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NREL Report Evaluates LiquidCool Solutions for the Datacenter

NREL researchers are testing immersive liquid cooling technologies that could potentially bring huge energy savings to HPC datacenters. With worldwide datacenters consuming an estimated 70 billion kWh per year, a disruptive energy-saving solution is needed, and a liquid-submerged server (LSS) technology from LiquidCool Solutions might be the answer. “The testing confirmed that the LSS technology could not only maintain target temperatures under heavy computational load, but that the hot liquid could be used to heat buildings more efficiently than NREL’s current solution.”

LiquidCool Solutions Technical Evaluation

LiquidCool Solutions has developed a liquid submerged server (LSS) technology that changes the way computer electronics are cooled. The technology provides an option to cool electronics by the direct contact flow of dielectric fluid (coolant) into a sealed enclosure housing all the electronics of a single server. The intimate dielectric fluid contact with electronics improves the effectiveness of heat removal from the electronics.

LCS to Unveil Immersive-cooled Servers at SC16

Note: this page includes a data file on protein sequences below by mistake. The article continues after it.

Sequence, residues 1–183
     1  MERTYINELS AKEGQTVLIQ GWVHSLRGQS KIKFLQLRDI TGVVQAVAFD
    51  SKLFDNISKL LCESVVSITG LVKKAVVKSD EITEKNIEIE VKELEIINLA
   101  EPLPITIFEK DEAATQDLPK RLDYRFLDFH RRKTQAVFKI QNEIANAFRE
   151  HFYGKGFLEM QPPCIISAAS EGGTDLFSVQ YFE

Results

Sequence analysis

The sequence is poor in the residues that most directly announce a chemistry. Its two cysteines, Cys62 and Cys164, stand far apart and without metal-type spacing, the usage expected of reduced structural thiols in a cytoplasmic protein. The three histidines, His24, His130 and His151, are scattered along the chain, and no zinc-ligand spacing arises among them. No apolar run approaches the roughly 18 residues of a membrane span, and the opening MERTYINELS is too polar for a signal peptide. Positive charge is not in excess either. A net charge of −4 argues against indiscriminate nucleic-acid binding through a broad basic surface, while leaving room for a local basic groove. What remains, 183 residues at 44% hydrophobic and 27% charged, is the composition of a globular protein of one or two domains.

Today LiquidCool Solutions (LCS) announced plans to unveil two new liquid submerged servers at SC16 in Salt Lake City. Based on a clamshell design, the SCS Submerged Cloud Server is a 2U 4-node server designed for Cloud-computing applications. The SGS, Submerged GPU Server, is a 2U dual node server designed for HPC applications that can be equipped with four GPU cards or four Xeon Phi boards. Both servers are completely fanless and require no mechanical refrigeration for cooling.

LiquidCool Solutions Launches Newest Technology at SC15

Today LiquidCool Solutions (LCS) announced plans to launch its newest technology – the Clamshell – at SC15 in Austin. As a rack-based server, the Clamshell is low-cost and flexible enough to meet Open Compute Project design standards.

Innovation Keeps Supercomputers Cool

“The range of cooling options now available is testimony to engineering ingenuity. HPC centers can choose between air, oil, dielectric fluid, or water as the heat-transfer medium. Opting for something other than air means that single or two-phase flow could be available, opening up the possibilities of convective or evaporative cooling and thus saving the cost of pumping the fluid round the system.”